This is the fourth of an occasional series on affordable housing in the area.
Northern Virginia's housing market, with prices shooting through the roof, has been ridiculous the past five years, said Jason Eldredge, a special education teacher. “It’s been stupid,” he adds.
When Eldredge first started teaching in Fairfax County five years ago at Mount Vernon High School, he moved in with his mother because he could afford little else. He was finishing up a graduate degree in education at George Washington University and didn’t want to incur any unnecessary student debt.
A year later, Eldredge transferred to Westfield High School in Chantilly and moved into a townhouse in Centreville that he rented with two friends. “We were all close to work, we were single and we wanted to stay in Fairfax County,” said Eldredge, who grew up in Fairfax.
But, fast-forward three years and Eldredge has since moved to Prince William County and started teaching in Loudoun County at a high school in South Riding.
For Eldredge, who is now married with a baby daughter, renting didn’t make sense. He wanted to buy, but sticker shock was all he found in Fairfax County. Instead of squeezing into a small condo, Eldredge chose to buy a newly-built, 2,600-square-foot townhouse in Haymarket. “We couldn’t find anything locally that fitted our needs or wants,” he said. So, like many county employees, he looked westward.
YOUNG PROFESSIONALS priced out of the market and unable to find affordable workforce housing is an all too common story for Fairfax County employers. Due to a shortage in housing, the median home sales price has increased 129 percent since 2000, from $209,000 to $479,000, according to John McClain, deputy director of George Mason University’s Center for Regional Analysis. In addition, homeowners are dedicating roughly double the percent of income to their mortgages than they did six years ago, reported McClain.
The region’s high cost of living has forced many employees to live outside the county. Nearly a third of Fairfax County’s teachers live outside its borders. In addition, the county faces problems with retention. Each year, the county hires about 2,000 new teachers, nearly half of which leave the school system within five years.
“Only 22 percent of the police live in the county,” said Gerald E. Connolly, chairman of the Fairfax County Board of Supervisors, citing a profession where the problem seems most pronounced. “But it isn’t just the county. It’s an increasing problem in the private sector,” said Connolly.
Bill Lecos, who equates running the Fairfax County Chamber of Commerce (FCCC) with running a small business, said that many of the young professionals he’s hired have difficulty finding housing. “In four years, I’ve had a half dozen cases where people can’t find attainable housing,” said Lecos, adding that the same employees often end up moving to Loudoun and Prince William counties. “You can always drive a little further, play another CD in the car, but there’s nothing you can do to mitigate that monthly mortgage.”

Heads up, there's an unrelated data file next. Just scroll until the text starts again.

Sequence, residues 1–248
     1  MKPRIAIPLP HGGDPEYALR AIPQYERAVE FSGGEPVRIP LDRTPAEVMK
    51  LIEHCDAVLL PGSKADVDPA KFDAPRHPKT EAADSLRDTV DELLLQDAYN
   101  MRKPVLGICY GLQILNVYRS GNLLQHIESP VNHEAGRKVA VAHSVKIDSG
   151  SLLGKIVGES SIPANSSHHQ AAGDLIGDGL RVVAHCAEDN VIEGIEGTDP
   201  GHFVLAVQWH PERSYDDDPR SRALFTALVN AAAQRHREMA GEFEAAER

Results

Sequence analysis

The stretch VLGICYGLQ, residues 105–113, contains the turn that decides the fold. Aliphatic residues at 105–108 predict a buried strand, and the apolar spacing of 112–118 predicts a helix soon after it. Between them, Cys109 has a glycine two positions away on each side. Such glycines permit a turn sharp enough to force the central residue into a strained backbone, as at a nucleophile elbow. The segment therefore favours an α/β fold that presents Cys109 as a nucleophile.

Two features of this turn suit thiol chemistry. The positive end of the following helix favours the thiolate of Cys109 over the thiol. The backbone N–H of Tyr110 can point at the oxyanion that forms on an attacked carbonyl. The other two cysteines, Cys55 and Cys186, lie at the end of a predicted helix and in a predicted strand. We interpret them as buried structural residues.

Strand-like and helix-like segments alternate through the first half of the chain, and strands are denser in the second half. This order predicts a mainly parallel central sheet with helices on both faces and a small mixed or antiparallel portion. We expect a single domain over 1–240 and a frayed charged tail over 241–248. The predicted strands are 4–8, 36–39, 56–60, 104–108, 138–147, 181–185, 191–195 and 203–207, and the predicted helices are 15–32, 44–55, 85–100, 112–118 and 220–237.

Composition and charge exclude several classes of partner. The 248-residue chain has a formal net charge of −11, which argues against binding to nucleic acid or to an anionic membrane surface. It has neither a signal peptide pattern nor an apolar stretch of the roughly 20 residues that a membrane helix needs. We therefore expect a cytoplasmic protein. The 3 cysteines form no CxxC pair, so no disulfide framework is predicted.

Once employers move west or south and begin racking up miles in lengthy and time-consuming commutes, they often look for jobs closer to home, said Lecos.
RECOGNIZING THE LACK of workforce housing, members of the government, academic and business communities gathered at a conference sponsored by FCCC and George Mason University Thursday, June 1 to brainstorm solutions that could alleviate the problem.
Connolly said that the affordable housing initiative, which includes workforce housing, is the county’s highest priority.
Connolly would like to see more county-owned land converted into housing that would be affordable to county employees, particularly teachers, police officers, firefighters, nurses and other professionals.
The county identified 18 parcels that could be developed for low- to moderately-priced housing, but any decisions are far off. In addition, the county has started to consider possible uses for several land parcels donated by the school system last month.
“If we own the land, then we’re already halfway there,” said Connolly. The idea, he said, is to take the land — “the most expensive variable” — out of the equation and use it as an incentive for developers to build price-controlled housing.
At George Mason University, which is increasingly finding it difficult to retain faculty and staff, officials have already initiated a similar housing plan.
“We hire between 75 and 100 new faculty members each year,” said Tom Calhoun, vice president of facilities at GMU. “We lose them because of housing.”
To be able to provide below-market housing for faculty, Calhoun said the university has partnered with a developer, Studley, Inc., to build a 400-unit residential building on the Fairfax campus. “A capitalized land lease provides the engine that drives the project,” said Calhoun.
MANY AFFORDABLE HOUSING advocates are hoping that new development will include more moderately-priced housing, whether through proffers or other government incentives or subsidies.
Proponents of Metrorail’s extension from Falls Church through Tysons Corner and the Dulles Corridor and into Loudoun County say transit-oriented development around the Metro stops will lessen demand on housing as well as alleviate traffic and preserve open space.
But Connolly said it’s unlikely that development around future transit stations will include much affordable housing.
“The price of land is daunting at transit stations,” said Connolly. “It’s much more of a challenge to create affordable housing there than on more remote pieces of land.”